Often hailed as the precursor for challenging action games, Ninja Gaiden has gone down in gaming history as a classic. From sidescrollers to hack’n slash, this franchise has been all around in terms of content. The Ninja Gaiden Master Collection aims to revisit the Sigma series by giving each game a fresh resolution upscale and the ability to be played on PC. While the fresh looks are good and all, the games are straight up ports, and show their age when it comes to gameplay. What the Ninja Gaiden Master Collection offers is a decent way to re-experience the series, but more so a playable timeline of what the series grew into.
Jumping straight into it, Ninja Gaiden Sigma was the first of the three games offered, and truthfully really feels like the first in the franchise. This game shows its age, and not in a great way. The resolution upscale helps, but mostly the mechanics and unwieldy camera throw this game back a few generations. This is the first introduction to the staple combat you’ll see in this series, and all things considered, it holds up quite well. When the camera isn’t trying to run away from you, the combat feels fluid and impactful. The lack of a lock-on feature makes target focus difficult, but once you get used to it, adds an extra layer of mastery. From the gameplay systems to the UI, everything in this game feels very dated and not in the best way. The environmental hints of where to go next or find secret collectables are really cool, and many are well placed. The hidden potion in the first boss fight was a really nice touch, and that’s not something you see a lot of in games today. This game really made you feel like a ninja from the jump, and thematically had a decent start to ease you into what was to come.
Ninja Gaiden Sigma 2 is what I would call the outlier of the three games, but instantly felt like a step up from the first title. Absent from this game were the staple blood and gore, but it rapidly introduces you to added features and new gameplay systems very early on. This rushes players into the combat they bought the game for, and streamlines you to the best parts of the Ninja Gaiden series. While not perfect, the camera is a huge step up from the first game, and the instant upgrade in combos and weapons makes the combat feel much more varied. The difficulty spike with downed enemies is nice and challenging, and being able to buy items at merchant statues helps keep you prepared for your next trial. The boss fights felt janky at times, especially the two with the giant statue. While the more active phases of combat flow elegantly from combo to combo, the passive phases during boss fights that involve moving out of telegraphs are hindered by a consistently sluggish run speed, and it makes some deaths feel unfair. The early introduction of a second weapon was great too, and instantly added variety to combat that already felt better.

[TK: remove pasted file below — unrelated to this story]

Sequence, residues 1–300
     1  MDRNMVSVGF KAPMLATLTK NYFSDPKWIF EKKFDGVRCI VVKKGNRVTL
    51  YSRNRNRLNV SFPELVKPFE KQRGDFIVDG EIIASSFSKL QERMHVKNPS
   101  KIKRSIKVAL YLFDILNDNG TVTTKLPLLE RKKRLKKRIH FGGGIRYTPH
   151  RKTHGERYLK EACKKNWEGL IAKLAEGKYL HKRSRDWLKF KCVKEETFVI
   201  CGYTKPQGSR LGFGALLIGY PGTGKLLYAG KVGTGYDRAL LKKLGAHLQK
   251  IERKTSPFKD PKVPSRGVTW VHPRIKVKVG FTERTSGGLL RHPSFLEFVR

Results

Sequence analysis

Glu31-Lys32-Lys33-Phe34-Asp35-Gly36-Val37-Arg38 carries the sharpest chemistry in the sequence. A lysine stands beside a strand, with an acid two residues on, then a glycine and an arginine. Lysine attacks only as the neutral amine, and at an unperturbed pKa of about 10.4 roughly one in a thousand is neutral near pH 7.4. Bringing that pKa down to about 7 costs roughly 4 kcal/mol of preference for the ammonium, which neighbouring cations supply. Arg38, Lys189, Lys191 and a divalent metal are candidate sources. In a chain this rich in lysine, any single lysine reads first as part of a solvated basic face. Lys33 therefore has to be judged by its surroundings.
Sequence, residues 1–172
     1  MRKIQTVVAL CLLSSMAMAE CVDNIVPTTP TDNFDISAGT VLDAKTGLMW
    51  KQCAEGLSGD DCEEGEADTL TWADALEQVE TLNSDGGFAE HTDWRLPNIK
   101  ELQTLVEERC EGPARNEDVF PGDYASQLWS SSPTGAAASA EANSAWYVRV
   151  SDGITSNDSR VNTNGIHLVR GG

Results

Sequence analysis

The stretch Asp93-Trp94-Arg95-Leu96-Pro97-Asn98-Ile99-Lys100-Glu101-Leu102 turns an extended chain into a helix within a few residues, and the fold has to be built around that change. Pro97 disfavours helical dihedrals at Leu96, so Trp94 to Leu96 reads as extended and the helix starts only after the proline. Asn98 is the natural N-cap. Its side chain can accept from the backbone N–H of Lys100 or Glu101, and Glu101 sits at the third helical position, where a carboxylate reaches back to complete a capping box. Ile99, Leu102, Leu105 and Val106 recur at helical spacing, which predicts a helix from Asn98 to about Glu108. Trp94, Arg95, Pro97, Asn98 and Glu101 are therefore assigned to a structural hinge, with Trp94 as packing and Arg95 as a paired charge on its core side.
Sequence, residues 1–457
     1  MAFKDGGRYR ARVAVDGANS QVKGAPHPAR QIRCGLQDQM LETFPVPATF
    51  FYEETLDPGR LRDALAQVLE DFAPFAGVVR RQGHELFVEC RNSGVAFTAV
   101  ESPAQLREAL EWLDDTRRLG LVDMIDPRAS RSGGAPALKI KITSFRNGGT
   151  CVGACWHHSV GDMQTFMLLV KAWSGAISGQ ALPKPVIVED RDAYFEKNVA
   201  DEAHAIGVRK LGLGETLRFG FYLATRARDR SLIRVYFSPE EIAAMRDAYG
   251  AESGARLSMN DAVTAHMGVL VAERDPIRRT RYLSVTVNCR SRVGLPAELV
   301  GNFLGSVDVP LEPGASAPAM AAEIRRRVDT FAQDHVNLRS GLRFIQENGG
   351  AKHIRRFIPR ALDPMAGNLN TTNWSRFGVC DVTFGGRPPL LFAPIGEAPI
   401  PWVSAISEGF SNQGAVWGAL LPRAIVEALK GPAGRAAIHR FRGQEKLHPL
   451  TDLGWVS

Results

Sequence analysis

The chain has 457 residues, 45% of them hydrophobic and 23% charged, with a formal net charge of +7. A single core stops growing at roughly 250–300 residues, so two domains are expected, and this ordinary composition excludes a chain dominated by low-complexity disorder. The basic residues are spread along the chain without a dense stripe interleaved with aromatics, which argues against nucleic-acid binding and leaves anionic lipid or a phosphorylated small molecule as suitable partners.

Ninja Gaiden Sigma 3 was a bit of a return to form for the series, returning to the extreme blood and gore shown in the first game. Thematically, this was by far the furthest removed. Instead of fighting ninjas, you’re thrust into combat against soldiers with guns and swords, and stealth is introduced to help you avoid snipers when under fire. While the change was jarring, this obviously had the best combat of the three. The combat felt more fluid and the animations were much smoother. Dodging felt the most active of the three titles, and it finally felt like Ninja Gaiden figured out how to make a dodge mechanic feel impactful. The action and movements, especially the stealth and afterimages made it seem more in-line with fantasy ninja imagery. Ninpo in the second title was almost there, but Sigma 3 felt both the most far removed and the most outlandish. The streamlining was present in Sigma 3 as well, but with how fluid the combat was this was just the most enjoyable to play.
The Ninja Gaiden Master Collection feels best described as an active timeline or a gift for longtime fans of the franchise. The upscaling makes the games look better, but a lack of feature renovation keeps the games feeling like they’re stuck in the past. I can see this being a solid purchase if content is the goal, as this is a good value for three decent action games. Being able to replay them is value in itself for some, but for players looking for faster paced action combat there are other options. Dipping your toes into the past every now and then isn’t bad, but frustration with outdated systems is bound to pile up after playing more recent titles.
Score: 7 out of 10
Reviewed on Windows PC (Steam)